Until the 1980s, adipose tissue was considered a simple inactive store of energy in the form of triglycerides. However, it is now known that adipose tissue is an active endocrine organ that is responsible for the production of several hormones. These include adipokines and immune molecules (cytokines and chemokines) [49]. In physiological conditions, the molecules that are produced by adipose tissue contribute to the maintenance of body homeostasis and can modulate the activity of the immune system [50]. However, in obese people, a dysregulation of the adipokine and cytokine pathways causes the development of chronic low-grade inflammation, leading to the chronic complications of obesity. Hypertrophic adipocytes have pro-inflammatory potential and promote insulin resistance. In obese patients, non-esterified fatty acids (NEFA) that are produced by hypertrophic adipocytes induce local macrophages to secrete high levels of TNFα, which, in turn, stimulates adipocytes to produce more NEFA, pro-inflammatory cytokines (interleukin 1ß (IL1β) and IL6), acute phase proteins, and chemokines [+(C-C motif chemokine ligand-2 (CCL2) or monocyte attractant protein-1 (MCP-1)), which attract more monocytes/macrophages within adipose tissue [51]. Thus, a vicious cycle is established that promotes the inflammation of the adipose tissue first and then a systematic state of low-grade inflammation [49]. Among adipokines, leptin is the most studied in male fertility, whereas fewer data are available for the others.

8.1. Leptin

Leptin, a 16-kDa adipokine, was first identified as a product of the adipose tissue in 1994 [52]. It is encoded by the Obesity (Ob) gene that is expressed in adipocytes, and its circulating levels are positively associated with the percentage of body fat and adipocyte size [53]. Leptin is considered the “satiety hormone”. It binds its receptors in the hypothalamus and promotes the repression of genes encoding neuropeptide Y (NPY) and the induction of genes encoding proopiomelanocortin (POMC) and the amphetamine-regulated transcript (CART). This results in decreased appetite and lower food intake. In addition to its role in the regulation of food intake, leptin has been shown to have important effects on reproduction, acting both as a central and peripheral factor [54]. Leptin-deficient ob/ob mice are usually infertile, and treatment with leptin restores fertility [55]. In vitro and in vivo studies have shown that leptin stimulates LH secretion [56]. However, the regulation of leptin on hypothalamic GnRH secretion is not direct because GnRH neurons do not express leptin receptors.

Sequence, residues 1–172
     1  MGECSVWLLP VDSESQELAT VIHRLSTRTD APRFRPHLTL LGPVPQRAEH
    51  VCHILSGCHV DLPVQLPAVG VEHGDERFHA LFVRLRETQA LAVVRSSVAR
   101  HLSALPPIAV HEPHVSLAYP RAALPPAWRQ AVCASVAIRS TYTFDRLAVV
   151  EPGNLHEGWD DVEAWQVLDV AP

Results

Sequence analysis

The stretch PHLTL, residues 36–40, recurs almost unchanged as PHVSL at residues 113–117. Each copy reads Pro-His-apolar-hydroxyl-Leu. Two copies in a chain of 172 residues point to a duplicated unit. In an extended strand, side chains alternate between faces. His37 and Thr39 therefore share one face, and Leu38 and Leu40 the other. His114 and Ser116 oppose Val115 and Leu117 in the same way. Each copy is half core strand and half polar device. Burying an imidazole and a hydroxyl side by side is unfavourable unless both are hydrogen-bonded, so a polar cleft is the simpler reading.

The central role of leptin on reproduction seems to be mediated by kisspeptin. Indeed, kisspeptin neurons are mainly located in the infundibular nucleus and the rostral preoptic area of the hypothalamus and kisspeptin receptor GPR54, an orphan G protein-coupled receptor that is expressed in GnRH neurons. Kisspeptin stimulates GnRH release and, in turn, LH, FSH, and T secretion [57]. Therefore, kisspeptin does not have a direct effect on the pituitary gland and is only able to affect it via GnRH secretion. The leptin receptor has six isoforms and activates different signaling pathways, among which the Janus kinase (JAK) and signal transducer and activator of transcription proteins (STAT3 and STAT5) are the best characterized. However, other leptin-signaling pathways involve the mitogen-activated protein kinase (MAPK)/extracellular signal-regulated kinase (ERK), phosphoinositol 3 kinase (PI3K), mammalian target of rapamycin (mTOR), and/or nitric oxide [58].
Although leptin has an essential role in the regulation of reproduction, elevated levels of this adipokine impact negatively male fertility (Figure 2). In obesity, where excessive amounts of leptin are produced by adipocytes, the hypothalamic–pituitary axis becomes resistant to leptin signaling, presumably by over-activating negative feedback regulators, including the suppressor of cytokine signaling 3 (SOCS3), protein tyrosine phosphatase 1B (PTP1B), and T cell protein tyrosine phosphatase (TCPTP). The expression of these negative regulators is elevated in the hypothalamus of obese animals [59].
Animal studies have shown that a high-fat diet and central leptin resistance decrease kisspeptin expression both in the rostral periventricular region of the third ventricle and the arcuate nucleus [58]. Therefore, decreased kisspeptin secretion plays a pivotal role in obesity-related central hypogonadism by inhibiting GnRH neurons and, in turn, decreasing gonadotropins and T secretion.
A positive correlation was described between serum leptin levels, BMI, and the alteration of sperm parameters in both animals and humans. Leptin is also present in the testis and in the seminiferous tubules in particular [60].